The Best Mountain Bike Helmets Review
What is the best bike helmet for mountain biking? We took nine of the most modern, extended-coverage, half-shell mountain bike helmets and compared them side-by-side over hundreds of miles of terrain. We rated each helmet in six different categories: comfort, adjustment, weight, features, ventilation, and durability. We found the best helmets for a variety of riding styles, from all-day uphill cross-country pedals to casual trail rides to enduro races, as well as helmets which will work across a wide range of mountain biking styles. We'll even give you our take on what "enduro" means.
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Test Results and Ratings
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Analysis and Award Winners
Review Update — May 2017
We've gone through this category and have made some updates to reflect the most recent helmet offerings as of May 2017, particularly to our Editors' Choice Award winner, the Troy Lee A1. Keep reading for more details!
Best Overall Mountain Bike Helmet
Troy Lee A1
Best Bang for the Buck
Top Pick for Most Versatile Mountain Bike Helmet
Bell Super 2R MIPS
Analysis and Test Results
Wether you are sending your favorite jump line, racing enduro, or just rallying to the coffee shop, wearing a bike helmet is good idea. Fortunately their image has increased in the last twenty years and helmets have become cool. Wearing a helmet on a bike should be as natural as clicking your seatbelt when you get in a car.
All bicycle helmets are designed with the same purpose: to protect your head from impacts during a mishap. Whether that mishap is an overshot jump or a spacey driver making a left in front of you, bike helmets work by absorbing the force of your head smashing into something. Almost all bicycle helmets on the market today are constructed of a polycarbonate shell injection molded with a polystyrene foam inner liner. Impacts are absorbed by the polystyrene while the polycarbonate shell acts to distribute the force over more of the foam and it also serves to protect the foam from daily abuse. The helmet functions basically by absorbing an impact through being destroyed, and should be replaced after a significant crash. Repeat: bike helmets should be replaced after a significant impact.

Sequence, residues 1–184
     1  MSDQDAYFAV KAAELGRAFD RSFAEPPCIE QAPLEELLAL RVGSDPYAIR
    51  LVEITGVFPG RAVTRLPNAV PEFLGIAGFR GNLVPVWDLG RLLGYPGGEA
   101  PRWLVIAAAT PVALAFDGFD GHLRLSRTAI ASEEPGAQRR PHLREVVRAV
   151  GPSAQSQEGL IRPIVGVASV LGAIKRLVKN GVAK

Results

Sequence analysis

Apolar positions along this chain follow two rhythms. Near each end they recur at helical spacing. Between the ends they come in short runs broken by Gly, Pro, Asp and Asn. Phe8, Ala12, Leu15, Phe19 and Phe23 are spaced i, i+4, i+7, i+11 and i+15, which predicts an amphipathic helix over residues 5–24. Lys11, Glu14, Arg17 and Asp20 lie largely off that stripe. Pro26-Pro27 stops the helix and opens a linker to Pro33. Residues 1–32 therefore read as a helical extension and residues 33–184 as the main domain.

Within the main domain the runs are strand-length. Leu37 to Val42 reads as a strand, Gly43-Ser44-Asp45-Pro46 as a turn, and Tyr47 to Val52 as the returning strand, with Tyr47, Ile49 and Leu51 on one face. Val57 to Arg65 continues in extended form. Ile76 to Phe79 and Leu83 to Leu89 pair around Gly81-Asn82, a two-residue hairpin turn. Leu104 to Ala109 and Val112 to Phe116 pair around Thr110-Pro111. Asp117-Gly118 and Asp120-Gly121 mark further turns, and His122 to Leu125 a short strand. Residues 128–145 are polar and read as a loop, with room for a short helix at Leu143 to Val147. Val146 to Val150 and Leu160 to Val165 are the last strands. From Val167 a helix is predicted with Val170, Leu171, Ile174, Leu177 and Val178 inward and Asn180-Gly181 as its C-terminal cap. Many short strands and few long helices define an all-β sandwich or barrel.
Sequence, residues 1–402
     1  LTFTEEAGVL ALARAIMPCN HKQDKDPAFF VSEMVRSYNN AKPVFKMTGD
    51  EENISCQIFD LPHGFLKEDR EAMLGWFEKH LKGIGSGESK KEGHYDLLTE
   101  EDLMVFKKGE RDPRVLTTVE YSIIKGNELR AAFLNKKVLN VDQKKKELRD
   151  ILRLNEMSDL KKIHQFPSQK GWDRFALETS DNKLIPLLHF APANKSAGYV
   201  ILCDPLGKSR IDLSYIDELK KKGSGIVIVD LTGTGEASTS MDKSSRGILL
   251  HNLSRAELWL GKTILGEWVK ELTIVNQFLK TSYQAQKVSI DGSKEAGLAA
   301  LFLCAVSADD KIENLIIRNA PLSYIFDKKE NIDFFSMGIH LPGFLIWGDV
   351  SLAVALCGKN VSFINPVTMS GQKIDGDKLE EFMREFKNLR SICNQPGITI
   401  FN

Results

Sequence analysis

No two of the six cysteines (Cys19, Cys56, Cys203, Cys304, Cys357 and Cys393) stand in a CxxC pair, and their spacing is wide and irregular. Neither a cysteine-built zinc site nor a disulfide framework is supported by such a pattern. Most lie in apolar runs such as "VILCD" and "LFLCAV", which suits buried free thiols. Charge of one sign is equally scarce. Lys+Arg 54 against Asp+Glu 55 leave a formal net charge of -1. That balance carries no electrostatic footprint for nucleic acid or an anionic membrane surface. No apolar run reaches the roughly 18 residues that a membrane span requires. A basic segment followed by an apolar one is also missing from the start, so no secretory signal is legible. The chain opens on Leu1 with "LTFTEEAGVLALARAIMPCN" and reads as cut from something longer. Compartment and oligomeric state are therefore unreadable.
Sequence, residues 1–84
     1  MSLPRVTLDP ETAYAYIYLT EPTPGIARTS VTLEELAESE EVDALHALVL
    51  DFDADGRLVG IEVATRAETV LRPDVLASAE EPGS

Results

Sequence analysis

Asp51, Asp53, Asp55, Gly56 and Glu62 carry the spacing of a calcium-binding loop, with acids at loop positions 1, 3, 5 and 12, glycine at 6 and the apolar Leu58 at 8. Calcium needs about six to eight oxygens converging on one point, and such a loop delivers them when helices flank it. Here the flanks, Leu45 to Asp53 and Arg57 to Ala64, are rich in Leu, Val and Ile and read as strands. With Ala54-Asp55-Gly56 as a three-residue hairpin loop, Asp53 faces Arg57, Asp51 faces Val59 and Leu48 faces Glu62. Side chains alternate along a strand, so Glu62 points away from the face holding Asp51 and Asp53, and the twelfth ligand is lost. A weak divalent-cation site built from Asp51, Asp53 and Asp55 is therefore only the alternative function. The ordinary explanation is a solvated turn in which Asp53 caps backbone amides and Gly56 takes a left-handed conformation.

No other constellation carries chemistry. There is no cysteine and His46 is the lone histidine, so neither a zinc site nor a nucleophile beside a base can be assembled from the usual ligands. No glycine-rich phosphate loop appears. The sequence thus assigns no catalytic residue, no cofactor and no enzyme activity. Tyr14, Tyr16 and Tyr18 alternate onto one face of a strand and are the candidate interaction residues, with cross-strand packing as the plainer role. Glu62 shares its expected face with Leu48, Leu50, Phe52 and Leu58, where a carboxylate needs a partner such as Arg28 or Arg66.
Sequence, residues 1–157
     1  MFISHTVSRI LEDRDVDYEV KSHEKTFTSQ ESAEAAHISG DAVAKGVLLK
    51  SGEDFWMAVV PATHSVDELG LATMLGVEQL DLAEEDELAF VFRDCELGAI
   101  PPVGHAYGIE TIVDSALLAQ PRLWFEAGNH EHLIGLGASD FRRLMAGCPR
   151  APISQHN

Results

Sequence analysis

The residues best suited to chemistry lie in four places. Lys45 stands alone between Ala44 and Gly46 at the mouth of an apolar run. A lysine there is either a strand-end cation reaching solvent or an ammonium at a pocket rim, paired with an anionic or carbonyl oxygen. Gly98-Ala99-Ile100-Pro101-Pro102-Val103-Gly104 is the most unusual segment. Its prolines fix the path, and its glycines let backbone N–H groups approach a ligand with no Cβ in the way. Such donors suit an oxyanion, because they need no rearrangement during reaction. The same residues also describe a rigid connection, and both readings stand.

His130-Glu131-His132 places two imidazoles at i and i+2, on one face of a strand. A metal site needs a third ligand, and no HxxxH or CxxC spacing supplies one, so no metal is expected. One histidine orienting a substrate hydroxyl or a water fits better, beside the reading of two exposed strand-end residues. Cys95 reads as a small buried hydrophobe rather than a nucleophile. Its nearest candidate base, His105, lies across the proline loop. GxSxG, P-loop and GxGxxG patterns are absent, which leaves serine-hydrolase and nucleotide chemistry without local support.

Just like bikes come in many different styles for different terrain and riding styles, bike helmets come in a variety of different styles too. We think that most helmets fall into one of three categories: Mountain Bike Half-Shell, Mountain Bike Full-Face, and Road Bike. Here is a quick break-down of the differences and their applications.
Half-Shell Mountain Bike Helmets
Wondering what the heck enduro is? Well, basically it's a style of riding or racing that consists of riding up and then bombing back down as fast as you can. Sound familiar? Yeah, that's because this is what the majority of mountain bikers have been doing since the sport began. A couple of years ago the biking industry latched onto the word "enduro" and began pretending a new sport had been born. While there were once either cross-country or downhill races, there are now enduro races popping up all over the country. Whether you enjoy racing or not, this trend is good for the middle-of-the-trail mountain biker because gear aimed at enduro riders seems to be more versatile than products for highly specialized cross-country or downhill riders, and will more likely suit a rider that only has a one bike quiver. We think this is great because most fat tire riders have been "enduro-ing" for years.
Full-Face Downhill Helmets
Full-Face Review,to see our favorite full-coverage lids.
Road Bike Helmets
If you still aren't sure, we recommend you read our full buying advice article to figure out which type of helmet is best for your riding style.
Regardless of what type or rider you think you are, remember to have fun and wear a helmet.
Criteria for Evaluation